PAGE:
Last September 15 was the 19th anniversary of the day Arashi debuted. I’ve been a fan for 13 of those 19 years, something I didn’t really plan nor could have predicted that I’d still be here years on. But some of the most wonderful things in life are not planned, they just work out.
I’ve been through many phases as a fan but Arashi has always been my home. As Sho said, they want Arashi to be an oasis for fans. And it is, in so many ways. Sure, I have family and real-life friends, but Arashi also has a special existence that is both inspirational and aspirational, and not an interest that I’ve seen fade with the introduction of a new boyband or idol or artist. To each his/her own but perhaps to me, they provide something consistent in a world where change–and death and taxes–are the only certainties.
Their music, especially their motivational songs, help me get through tough and difficult times. Their journey from the time they debuted on a small boat in Hawaii to being Japan’s biggest manband ship today inspires me to carry on. Their variety shows give me much-needed company when I had to destress from work. Their individual personalities show me that tolerance and acceptance of one another’s differences is possible. Their presence has led me to people I can call friends in real life. And in a more abstract form, they’re like best friends who help put me together when everything else is falling apart. They make life easier and more fun to live.
People would easily dismiss that being a fan is just a waste of time and emotions. Candidly speaking, it could end up that way if you put a lot of expectations and ride your dreams on your idols. I don’t expect anything from Arashi except to see them give their all to their work. I don’t ride my dreams and cast my lot with them either. They just merely provide coaching on navigating life. The story of their journey inspires me to do better. They’re like life coaches.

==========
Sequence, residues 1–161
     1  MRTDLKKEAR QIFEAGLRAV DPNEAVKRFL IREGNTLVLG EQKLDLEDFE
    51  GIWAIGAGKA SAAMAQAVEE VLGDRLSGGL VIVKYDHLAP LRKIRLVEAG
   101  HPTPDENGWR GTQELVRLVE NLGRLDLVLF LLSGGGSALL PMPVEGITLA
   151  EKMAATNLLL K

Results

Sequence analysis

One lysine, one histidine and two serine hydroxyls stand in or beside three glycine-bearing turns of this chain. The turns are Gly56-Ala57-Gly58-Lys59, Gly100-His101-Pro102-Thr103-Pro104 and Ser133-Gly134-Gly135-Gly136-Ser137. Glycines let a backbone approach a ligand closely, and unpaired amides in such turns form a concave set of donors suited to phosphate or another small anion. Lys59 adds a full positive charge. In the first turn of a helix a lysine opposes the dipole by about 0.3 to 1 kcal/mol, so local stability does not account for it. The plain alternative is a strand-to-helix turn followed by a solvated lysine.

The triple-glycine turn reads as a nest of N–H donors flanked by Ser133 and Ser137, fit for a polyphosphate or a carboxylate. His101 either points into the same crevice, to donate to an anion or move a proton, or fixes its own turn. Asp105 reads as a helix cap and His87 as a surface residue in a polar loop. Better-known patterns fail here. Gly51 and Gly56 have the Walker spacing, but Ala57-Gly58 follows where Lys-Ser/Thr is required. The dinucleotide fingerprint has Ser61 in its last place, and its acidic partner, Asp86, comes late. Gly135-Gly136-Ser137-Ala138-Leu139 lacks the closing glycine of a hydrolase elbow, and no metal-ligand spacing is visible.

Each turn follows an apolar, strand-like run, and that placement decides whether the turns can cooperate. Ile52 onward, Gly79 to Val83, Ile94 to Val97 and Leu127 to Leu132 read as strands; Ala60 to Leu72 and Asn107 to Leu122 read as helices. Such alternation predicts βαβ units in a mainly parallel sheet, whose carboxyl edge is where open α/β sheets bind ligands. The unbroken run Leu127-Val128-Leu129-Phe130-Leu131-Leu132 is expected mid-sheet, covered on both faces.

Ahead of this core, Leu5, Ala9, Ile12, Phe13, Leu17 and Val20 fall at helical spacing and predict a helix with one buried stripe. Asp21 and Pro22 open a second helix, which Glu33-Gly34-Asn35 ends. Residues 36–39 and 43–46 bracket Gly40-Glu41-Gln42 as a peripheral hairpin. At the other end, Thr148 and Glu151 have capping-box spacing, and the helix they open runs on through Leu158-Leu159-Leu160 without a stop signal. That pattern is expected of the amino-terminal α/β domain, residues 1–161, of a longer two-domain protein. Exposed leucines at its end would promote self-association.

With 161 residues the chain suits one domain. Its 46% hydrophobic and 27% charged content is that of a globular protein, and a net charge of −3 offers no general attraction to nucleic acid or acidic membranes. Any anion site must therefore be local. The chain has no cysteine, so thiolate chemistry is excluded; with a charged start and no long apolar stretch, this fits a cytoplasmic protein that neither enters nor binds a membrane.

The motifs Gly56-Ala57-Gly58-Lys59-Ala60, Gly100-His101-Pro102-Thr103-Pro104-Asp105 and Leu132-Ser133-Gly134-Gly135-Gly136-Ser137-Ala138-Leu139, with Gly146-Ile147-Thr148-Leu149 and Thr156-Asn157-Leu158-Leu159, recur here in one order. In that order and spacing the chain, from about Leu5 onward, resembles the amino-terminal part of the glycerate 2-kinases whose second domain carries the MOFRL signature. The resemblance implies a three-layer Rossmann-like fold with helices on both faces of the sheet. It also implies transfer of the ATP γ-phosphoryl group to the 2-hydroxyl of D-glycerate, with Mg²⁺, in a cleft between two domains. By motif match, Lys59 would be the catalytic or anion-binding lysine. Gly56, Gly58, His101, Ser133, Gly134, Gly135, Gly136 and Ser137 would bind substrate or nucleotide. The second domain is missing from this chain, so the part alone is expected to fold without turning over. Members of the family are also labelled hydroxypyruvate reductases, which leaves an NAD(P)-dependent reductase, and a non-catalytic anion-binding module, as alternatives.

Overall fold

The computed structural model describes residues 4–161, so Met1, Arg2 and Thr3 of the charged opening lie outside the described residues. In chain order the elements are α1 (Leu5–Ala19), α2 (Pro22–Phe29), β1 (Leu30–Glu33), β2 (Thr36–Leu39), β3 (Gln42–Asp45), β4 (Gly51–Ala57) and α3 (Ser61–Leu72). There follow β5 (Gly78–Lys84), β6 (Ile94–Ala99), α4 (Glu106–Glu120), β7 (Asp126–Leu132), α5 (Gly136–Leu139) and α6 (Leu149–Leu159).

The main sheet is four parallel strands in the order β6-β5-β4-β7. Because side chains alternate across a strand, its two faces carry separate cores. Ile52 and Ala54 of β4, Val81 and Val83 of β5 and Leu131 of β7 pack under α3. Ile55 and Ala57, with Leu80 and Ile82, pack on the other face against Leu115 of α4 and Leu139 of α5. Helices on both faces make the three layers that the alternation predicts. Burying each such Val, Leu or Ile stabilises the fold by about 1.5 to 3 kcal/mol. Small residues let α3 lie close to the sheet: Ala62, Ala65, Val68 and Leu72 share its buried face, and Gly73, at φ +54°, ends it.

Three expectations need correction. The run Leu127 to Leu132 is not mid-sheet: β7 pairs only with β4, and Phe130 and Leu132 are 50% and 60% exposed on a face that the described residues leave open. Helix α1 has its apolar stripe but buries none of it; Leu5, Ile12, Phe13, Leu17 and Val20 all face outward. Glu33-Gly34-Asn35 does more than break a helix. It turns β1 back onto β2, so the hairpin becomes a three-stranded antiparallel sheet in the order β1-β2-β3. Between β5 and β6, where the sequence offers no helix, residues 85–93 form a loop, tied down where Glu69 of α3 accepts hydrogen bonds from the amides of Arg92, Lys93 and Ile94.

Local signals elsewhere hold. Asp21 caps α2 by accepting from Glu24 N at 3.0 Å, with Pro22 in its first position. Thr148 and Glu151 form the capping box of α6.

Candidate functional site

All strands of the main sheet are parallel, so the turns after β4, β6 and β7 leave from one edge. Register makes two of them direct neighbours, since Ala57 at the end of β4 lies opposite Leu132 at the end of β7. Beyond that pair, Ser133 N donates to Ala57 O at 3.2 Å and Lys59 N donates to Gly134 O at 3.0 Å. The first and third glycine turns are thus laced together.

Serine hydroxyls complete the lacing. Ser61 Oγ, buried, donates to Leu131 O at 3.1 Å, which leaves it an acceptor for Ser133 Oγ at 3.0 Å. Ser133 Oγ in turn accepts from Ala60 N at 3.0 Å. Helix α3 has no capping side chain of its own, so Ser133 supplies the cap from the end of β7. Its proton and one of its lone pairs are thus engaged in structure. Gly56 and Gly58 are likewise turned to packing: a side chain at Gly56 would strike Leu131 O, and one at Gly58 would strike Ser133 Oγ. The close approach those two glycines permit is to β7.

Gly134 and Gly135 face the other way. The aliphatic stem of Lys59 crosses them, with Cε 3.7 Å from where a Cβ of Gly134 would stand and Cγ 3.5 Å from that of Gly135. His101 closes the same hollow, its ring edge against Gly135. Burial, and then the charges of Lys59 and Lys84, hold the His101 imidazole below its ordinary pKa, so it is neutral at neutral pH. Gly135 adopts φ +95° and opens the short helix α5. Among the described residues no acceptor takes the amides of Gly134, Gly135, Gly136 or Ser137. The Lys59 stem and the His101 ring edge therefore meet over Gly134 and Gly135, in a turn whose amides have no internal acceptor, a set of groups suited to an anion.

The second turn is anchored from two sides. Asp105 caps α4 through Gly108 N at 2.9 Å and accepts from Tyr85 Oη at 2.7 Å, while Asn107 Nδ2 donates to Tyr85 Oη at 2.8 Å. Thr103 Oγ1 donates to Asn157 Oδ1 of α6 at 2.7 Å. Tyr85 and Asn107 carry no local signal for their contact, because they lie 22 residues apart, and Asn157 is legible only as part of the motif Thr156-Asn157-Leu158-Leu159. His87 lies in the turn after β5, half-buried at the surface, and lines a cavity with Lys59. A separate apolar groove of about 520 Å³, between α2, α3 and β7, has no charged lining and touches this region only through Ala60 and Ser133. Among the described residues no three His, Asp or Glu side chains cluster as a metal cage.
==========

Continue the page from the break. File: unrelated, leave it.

But being a fan not just takes the best but also the worst in us. It can make us fickle, just like fame. Today, we like someone; tomorrow, a different one. To be honest, I’m surprised myself that I have followed Arashi this long. But a fan-idol relationship is like any other, you need to nurture it every day. To this day, I still learn new things about them, and from them. And it counts for a lot that they and the fandom provide a conducive environment to making that relationship grow. While it’s safest to fangirl on your own because it saves you the drama and toxicity, it’s still nice to belong and be active in a fandom that provides you shelter and gives you rainbows when you most need them.
So here are my take-aways as a fan (not only of Arashi) who’s seen and been through many things in this pop culture journey. These are lessons (some were learnt the hard way) that helped navigate the tricky turns and unseen traps of fandoms, where, if we allow it, we’d be spending most of our time as fans:
Look before you cross the road. It’s best to check out the fandom from a distance before deciding whether to walk right into it. Some fandoms are openly friendly, some are so toxic you could smell the fumes even from behind a virtual screen. It’s your choice, for as long as you are aware of what you’re getting into the moment you cross that road.
By crossing the road, you have to defy what your mothers have always reminded you about, like not talking to strangers and keeping out of trouble.